While Hungary still has a way to go to catch up with its neighbors, high yields here attracted interest in the first half of the year.
Hungary has concluded €280 million in real estate investment deals – or 11% of Central and Eastern European property investment volume – for the first half year, according to JLL. With the country continuing to attract interest from local and international investors, the global real estate services firm anticipates a total of €700-750 mln for the year. The renewed investor appetite for Hungarian assets is seen as due to improving economic fundamentals, market conditions and the relative pricing, making prime assets particularly attractive.
However, Hungary has yet to catch up with the thriving Czech investment market, where €3 billion+ in deals is expected to be completed this year. Furthermore, Hungary faces competition from the emerging Romanian investment market. “We expect a much stronger second half that should translate into 2015 full year numbers 20-30% above the 2014 level,” commented Benjamin Perez-Ellischewitz, head of capital markets at JLL Hungary. “The good news is that the liquidity is coming back across all asset classes and for different investment ticket sizes.”
Investment deals worth €2.55 bln have been concluded in the CEE real estate market in H1. Czech Republic leads with €1.2 bln or 47% of transactions, followed by Poland with a total volume of €813 mln or 32% of CEE volume, Hungary with 11%, Romania with 7.5%, Slovakia with 0.5% and the SEE markets with 2%. In general, liquidity is seen as increasing as an influx of capital is coming into CEE. The question is when will major international investors consolidate their interest in Hungary with concrete deals.
“As prime European real estate market returns become increasingly tight, other investment locations look more attractive. The positive economic news from CEE, coupled with healthy yields, is attracting capital and re-pricing, with investors especially focusing on Poland and Czech Republic. Other CEE capital cities along with Poland’s regional markets will also be highly sought after. The weight of international capital seeking core CEE opportunities has provided increased liquidity for large lot-size properties and portfolios. In addition, attractive and more easily attainable financing has widened the pool of investors who are able to offer more competitive pricing,” said Troy Javaher, head of CEE capital markets at JLL.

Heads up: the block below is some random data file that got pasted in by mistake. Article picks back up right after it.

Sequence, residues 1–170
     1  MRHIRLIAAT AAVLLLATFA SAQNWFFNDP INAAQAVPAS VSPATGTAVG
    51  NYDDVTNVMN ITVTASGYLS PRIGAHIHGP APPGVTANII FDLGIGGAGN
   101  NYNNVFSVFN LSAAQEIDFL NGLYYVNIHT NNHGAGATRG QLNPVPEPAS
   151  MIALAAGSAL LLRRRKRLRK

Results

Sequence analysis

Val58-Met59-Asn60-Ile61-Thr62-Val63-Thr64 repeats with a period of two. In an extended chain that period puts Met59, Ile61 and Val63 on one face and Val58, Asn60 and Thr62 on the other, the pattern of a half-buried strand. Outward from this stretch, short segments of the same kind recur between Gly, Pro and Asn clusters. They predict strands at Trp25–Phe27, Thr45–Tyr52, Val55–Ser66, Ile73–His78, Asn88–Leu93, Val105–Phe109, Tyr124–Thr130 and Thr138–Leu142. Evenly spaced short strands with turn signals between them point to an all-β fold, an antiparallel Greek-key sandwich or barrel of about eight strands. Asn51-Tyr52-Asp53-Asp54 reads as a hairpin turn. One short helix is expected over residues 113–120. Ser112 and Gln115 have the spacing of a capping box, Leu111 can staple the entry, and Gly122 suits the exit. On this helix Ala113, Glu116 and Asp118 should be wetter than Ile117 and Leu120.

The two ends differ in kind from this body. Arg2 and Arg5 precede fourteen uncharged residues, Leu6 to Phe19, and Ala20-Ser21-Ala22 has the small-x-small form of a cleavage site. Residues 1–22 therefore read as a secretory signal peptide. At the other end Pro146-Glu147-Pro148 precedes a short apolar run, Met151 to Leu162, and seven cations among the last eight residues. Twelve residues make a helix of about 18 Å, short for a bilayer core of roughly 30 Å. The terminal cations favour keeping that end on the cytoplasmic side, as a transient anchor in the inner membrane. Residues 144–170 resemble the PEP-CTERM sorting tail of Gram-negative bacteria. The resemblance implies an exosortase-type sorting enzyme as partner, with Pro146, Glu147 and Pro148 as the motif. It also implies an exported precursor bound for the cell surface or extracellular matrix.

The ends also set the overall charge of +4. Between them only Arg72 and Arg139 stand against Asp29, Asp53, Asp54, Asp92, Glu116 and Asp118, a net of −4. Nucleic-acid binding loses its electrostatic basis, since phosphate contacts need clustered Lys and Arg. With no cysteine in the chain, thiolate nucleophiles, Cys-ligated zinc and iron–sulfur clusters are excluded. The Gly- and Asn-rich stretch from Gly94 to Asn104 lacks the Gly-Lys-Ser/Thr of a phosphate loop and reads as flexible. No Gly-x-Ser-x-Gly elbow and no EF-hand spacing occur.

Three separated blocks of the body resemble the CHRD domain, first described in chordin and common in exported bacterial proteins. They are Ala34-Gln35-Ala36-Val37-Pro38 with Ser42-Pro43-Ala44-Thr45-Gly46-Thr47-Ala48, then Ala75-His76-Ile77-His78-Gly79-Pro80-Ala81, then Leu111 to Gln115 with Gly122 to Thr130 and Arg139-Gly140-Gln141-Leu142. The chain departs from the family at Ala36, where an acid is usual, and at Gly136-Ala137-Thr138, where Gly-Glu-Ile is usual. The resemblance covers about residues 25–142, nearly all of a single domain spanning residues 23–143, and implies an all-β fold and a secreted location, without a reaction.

Czech Republic, a similar sized market to Hungary, saw a transactional volume of €1.2 bln, with the momentum from 2014 showing no signs of abating. An 89% increase on the same period of the previous year’s figure was underpinned by the sale of Palladium according to Stuart Jordan, head of capital markets at JLL Czech Republic. The most significant transaction of the year, and one that boosted investment figures for the first half year, it involved the acquisition of the Palladium shopping center in Prague by Hannover Leasing for €570 mln.
In Hungary 34% of transaction volume was in the office sector, followed by retail at 26%, industrial at 22% and 18% comprised of a mixture of vacant assets ready for redevelopment. A notable office transaction was the purchase by Europa Capital and Convergence of a value-add office portfolio including three foreclosed offices of Volksbank Austria – Kálvin Center, Duna Office Center and the B52 office building.
The largest retail transaction was the disposal of two phases of the Premier Outlet Center on the outskirts of Budapest by Aviva to Lone Star. The most significant logistics deal was the acquisition of the M1 Logistics Park close to Budapest by Prologis.
Yields for Hungary are put at 7% for prime office and retail, and 8.75% for prime industrial and logistics. This compares to Czech Republic where prime office yields are heading below 6%, prime logistics are sub-7%, and retail yields 5.25%.